The guy who will substitute for Adrian Peterson as Oklahoma's running back might not have skills comparable to his predecessor, but at least he has a nickname that is.
"They used to call me the All-Out Crusher," Allen Patrick said as he geared up to take over the starting role in Oklahoma's backfield for a guy nicknamed A.D. by his father, who said his son could run "all day."
Patrick, a 6-foot, 191-pound junior who earned his nickname for his bruising running style in high school, will make his first start today when No. 20 Oklahoma plays Colorado. He is replacing Peterson, the 2004 Heisman Trophy runner-up, who broke his collarbone last week in a victory over Iowa State.
"I'm not nervous at all," Patrick said. "To go out there and play running back with the team on your back, that's a big thing to do, but I'm ready to step up and take that job."
Patrick said he considered Peterson "like a brother" and was saddened about Peterson's injury. He also said he got words of encouragement from the nation's second-leading rusher.
"After he got hurt ... he asked me 'Are you ready to go out there and get it?' " Patrick said. "Those are the words that came out of his mouth. He told me to go get it."
Deadline for Punter
Former Northern Colorado backup punter Mitch Cozad, charged with attempted murder in the stabbing of his rival, has until Monday to surrender to authorities, prosecutors said Friday.
Cozad, 21, of Wheatland, Wyo., is accused of stabbing starter Rafael Mendoza in his kicking leg last month.
He faces charges of attempted first-degree murder and second-degree assault and could be sentenced to 48 years in prison if convicted. He has been suspended from the team and the university.
Weld County district attorney's spokeswoman Jennifer Finch said prosecutors had not heard from Cozad on Friday and did not know where he was. She said he has until noon Monday to turn himself in.
She said his bail would be set at $500,000.
Dealing With Violence
In the wake of two on-field college football brawls a week ago, the president of the NCAA said the responsibility of preventing future outbreaks and instilling a real sense of sportsmanship rests with individual institutions.
"The NCAA from the national office can't police all those sites," Myles Brand said. "The handling of individual incidents is properly the job of the local college or university."
Games involving Miami and Florida International, and Dartmouth and Holy Cross last week were marred by on-field brawls.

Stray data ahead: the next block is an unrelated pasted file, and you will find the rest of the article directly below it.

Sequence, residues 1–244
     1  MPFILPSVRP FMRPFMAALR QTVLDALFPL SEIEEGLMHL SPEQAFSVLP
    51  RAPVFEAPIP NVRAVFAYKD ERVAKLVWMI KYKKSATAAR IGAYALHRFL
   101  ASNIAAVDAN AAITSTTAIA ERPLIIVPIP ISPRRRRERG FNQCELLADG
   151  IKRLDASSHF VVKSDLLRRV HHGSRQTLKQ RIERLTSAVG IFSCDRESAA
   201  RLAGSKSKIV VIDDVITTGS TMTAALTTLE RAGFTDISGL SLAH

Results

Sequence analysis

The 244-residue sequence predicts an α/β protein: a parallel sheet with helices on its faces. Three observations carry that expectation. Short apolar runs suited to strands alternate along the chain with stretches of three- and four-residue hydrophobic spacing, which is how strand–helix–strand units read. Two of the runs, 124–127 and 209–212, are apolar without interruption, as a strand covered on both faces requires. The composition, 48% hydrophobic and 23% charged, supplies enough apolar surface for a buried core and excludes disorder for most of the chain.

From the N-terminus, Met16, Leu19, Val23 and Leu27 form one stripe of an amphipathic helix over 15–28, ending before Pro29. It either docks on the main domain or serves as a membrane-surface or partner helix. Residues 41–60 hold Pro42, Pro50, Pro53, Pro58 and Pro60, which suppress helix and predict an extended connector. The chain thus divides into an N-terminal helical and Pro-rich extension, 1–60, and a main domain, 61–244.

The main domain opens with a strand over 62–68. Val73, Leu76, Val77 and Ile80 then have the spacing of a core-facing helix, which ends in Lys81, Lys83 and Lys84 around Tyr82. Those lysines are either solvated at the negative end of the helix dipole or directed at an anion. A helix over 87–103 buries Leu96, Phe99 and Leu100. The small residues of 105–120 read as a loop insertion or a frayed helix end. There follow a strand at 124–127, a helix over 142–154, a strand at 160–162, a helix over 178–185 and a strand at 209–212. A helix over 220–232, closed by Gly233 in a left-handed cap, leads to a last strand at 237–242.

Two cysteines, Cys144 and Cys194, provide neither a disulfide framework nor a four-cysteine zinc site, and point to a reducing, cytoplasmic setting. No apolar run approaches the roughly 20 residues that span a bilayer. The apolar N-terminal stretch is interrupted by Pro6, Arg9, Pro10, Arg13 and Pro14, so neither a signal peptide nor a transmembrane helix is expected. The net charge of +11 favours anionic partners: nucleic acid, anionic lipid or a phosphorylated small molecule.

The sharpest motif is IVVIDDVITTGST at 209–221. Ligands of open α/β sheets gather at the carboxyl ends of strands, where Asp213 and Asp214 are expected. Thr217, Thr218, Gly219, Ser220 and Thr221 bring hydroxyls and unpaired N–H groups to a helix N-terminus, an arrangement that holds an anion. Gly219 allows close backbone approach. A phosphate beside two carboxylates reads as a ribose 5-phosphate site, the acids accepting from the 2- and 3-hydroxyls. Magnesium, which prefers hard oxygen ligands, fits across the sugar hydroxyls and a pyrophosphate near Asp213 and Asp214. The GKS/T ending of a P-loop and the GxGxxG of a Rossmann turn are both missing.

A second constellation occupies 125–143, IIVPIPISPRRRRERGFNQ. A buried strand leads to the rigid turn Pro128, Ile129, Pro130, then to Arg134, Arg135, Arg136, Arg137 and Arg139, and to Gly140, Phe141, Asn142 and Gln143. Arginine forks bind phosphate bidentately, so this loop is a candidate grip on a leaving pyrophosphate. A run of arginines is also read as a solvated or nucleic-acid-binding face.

"We're seeing amongst players, and even in some fans' behavior, some unacceptable levels of violence and disruption," Brand said. "We all hope we can get on the front end and work with the student-athletes and others very early on so we don't wind up in these situations."
Former Michigan football coach Bo Schembechler was admitted to an Ann Arbor hospital's cardiac-care unit for observation Friday after he felt ill at the taping of a weekly television show.
Schembechler, 77, was at WXYZ-TV studios in Southfield, Mich., and wasn't feeling well at about 10 a.m., before the taping of a college football preview show.
The former coach decided to go on with the taping before leaving to see a doctor. A family spokesman said he was in good condition.
Schembechler had a heart attack on the eve of his first Rose Bowl in 1970, and another one in 1987. He has had two quadruple heart bypass operations.
One of the great things about playing in a state as big as Texas: You don't have to go far to find competition.
Texas, for instance, has not played a game outside the state this season. That will change today when the Longhorns visit Nebraska.
Texas has had five home games to go with an away game at Rice, in Houston, and a game against Oklahoma that is annually played in Dallas.
The Longhorns will leave the Lone Star State only once more during the regular season for a Nov. 4 game at Oklahoma State.
No Place Like Away
Oregon has played at Washington State so many times lately that Cougars Coach Bill Doba joked about draping the visitors' locker room with a banner proclaiming: "Welcome Home, Mike."
That would be Oregon Coach Mike Bellotti, whose No. 16 team will play at Washington State today, the third consecutive year Oregon has played in Pullman.
A scheduling fluke has sent Oregon to Washington State for six of the last seven meetings. The Ducks have come away winners in five of those trips, making Martin Stadium feel a bit more homey for Oregon than for the home team.
Alabama and Auburn have "The Iron Bowl," Florida and Georgia have "The World's Largest Outdoor Cocktail Party," and Pittsburgh and West Virginia have "The Backyard Brawl."
So apparently all the good nicknames were taken when Tennessee and Alabama wanted to name their rivalry, which dates to 1901 and will be renewed today.
They're calling it: "The Third Saturday in October."
"I feel like three-fourths of the Alabama Nation would rather beat Tennessee than Auburn," Crimson Tide center Antoine Caldwell said. "I didn't really understand until after we won that game last year. It seemed like the whole city was elevated."
-- Compiled by Peter Yoon
\o7The Associated Press contributed to this report.